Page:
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Excite@Home subscriber growth estimates disappoint

The cable Internet access provider reports a smaller second-quarter loss than analysts expected, but its subscriber growth doesn't quite reach estimates.

Excite@Home, the largest provider of high-speed cable modem Internet access, reported a smaller second-quarter loss than analysts expected, as the company sought to increase its subscriber base at the expense of profitability.

Excite announced it lost $45.3 million, or 11 cents a share, compared to a loss of $5 million or one cent per share in the second quarter of last year. Analysts surveyed by First Call/Thomson Financial predicted a loss of 12 cents per share.

The company said its subscriber base increased to 1.8 million from 1.5 million, slightly less than the 1.9 million analysts had predicted.

Excite had its first ever profitable quarter in the fourth period of 1999, when it reported a pro forma income of $514,000, or zero cents a share. When the company lost $4.6 million, or one cent per share the following quarter, company executives announced Excite would focus for the short term on growing its subscriber base rather than earnings.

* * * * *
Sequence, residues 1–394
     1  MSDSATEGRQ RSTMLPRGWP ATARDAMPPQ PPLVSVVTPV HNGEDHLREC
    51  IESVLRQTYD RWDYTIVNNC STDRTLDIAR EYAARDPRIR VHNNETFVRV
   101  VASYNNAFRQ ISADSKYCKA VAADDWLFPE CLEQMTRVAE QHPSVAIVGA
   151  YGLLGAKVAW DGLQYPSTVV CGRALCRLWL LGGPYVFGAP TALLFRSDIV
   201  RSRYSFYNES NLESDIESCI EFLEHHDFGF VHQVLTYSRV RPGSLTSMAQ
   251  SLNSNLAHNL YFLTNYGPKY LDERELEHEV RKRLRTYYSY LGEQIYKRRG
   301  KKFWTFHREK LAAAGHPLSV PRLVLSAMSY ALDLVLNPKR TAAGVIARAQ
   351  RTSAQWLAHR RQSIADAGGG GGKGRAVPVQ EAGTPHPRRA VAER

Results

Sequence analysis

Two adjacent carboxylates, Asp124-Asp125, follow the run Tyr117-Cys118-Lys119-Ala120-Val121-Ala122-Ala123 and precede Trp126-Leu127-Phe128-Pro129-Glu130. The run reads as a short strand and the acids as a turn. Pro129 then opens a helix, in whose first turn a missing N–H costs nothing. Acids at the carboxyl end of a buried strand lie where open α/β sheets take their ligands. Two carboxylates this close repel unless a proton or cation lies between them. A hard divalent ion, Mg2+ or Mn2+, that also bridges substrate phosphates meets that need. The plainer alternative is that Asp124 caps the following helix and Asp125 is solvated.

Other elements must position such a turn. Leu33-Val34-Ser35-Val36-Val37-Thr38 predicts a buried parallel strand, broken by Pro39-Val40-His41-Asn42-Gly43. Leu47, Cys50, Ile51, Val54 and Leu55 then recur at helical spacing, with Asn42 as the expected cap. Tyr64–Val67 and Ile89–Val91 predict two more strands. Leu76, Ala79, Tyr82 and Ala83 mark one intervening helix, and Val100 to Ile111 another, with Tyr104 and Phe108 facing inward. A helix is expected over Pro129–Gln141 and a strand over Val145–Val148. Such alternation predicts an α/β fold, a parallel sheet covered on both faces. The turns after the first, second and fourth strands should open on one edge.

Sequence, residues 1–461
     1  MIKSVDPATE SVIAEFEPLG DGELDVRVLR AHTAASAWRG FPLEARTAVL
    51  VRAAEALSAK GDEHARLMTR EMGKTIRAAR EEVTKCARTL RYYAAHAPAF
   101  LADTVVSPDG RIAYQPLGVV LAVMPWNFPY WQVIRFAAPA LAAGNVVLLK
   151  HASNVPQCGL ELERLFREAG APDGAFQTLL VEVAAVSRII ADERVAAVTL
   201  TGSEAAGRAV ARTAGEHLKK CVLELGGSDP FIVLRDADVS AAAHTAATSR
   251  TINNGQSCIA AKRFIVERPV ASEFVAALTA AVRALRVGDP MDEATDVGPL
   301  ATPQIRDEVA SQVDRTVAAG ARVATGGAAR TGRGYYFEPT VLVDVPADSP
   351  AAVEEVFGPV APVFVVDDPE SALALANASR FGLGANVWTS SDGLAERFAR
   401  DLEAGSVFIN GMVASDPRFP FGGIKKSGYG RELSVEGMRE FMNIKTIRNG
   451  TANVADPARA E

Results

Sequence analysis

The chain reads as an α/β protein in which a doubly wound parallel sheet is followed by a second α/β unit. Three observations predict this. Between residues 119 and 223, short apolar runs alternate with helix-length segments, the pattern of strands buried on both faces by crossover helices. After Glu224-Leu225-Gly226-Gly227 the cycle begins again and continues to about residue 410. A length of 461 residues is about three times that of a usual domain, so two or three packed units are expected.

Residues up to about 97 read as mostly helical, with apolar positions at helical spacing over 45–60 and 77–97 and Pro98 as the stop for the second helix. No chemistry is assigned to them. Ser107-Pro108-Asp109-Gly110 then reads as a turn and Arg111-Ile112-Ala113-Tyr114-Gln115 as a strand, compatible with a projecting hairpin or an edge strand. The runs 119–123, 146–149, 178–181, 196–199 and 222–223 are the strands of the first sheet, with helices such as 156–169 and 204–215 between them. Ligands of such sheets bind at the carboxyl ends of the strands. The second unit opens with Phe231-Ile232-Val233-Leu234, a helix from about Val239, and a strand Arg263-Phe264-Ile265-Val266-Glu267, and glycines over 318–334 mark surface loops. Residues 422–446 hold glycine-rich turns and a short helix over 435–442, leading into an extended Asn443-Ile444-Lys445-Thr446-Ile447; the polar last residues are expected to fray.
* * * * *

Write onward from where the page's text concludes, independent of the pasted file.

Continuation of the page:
In a conference call today, CEO George Bell acknowledged that the company did not meet growth estimates, and blamed a factory fire that resulted in a modem shortage.

"The good news is the shortage has been rectified; the modems are flowing," Bell said. "We are still confident in our yearlong outlook of 3 million subscribers."

In April the company said it planned to increase its subscriber base to 3 million at the end of 2000, 6 million by 2001, and 10 million by 2002.

Analysts weren't surprised by Excite's lackluster quarter.

"They were essentially in line with our estimates, but we were discouraged by the subscriber growth," said David Levy, a senior analyst at Chase H&Q. " We were aware there was a modem shortage, but we think that 300,000 (new customers) was lower than we would have expected even with the shortage."

But they were generally supportive of Excite's short-term focus of increasing its customer base at the expense of profitability.

"We think it's a sound strategy," said David Levy, a senior analyst at Chase H&Q. "They're fairly well capitalized, and they have a window of opportunity to grow the business before the competitive landscape gets more intense."

Excite reported revenue of $157.6 million for the second quarter, a 56 percent increase from the $100.6 million revenue in the same period of 1999. Yesterday, the company announced a merger of its international operations with Chello Broadband, creating Excite Chello.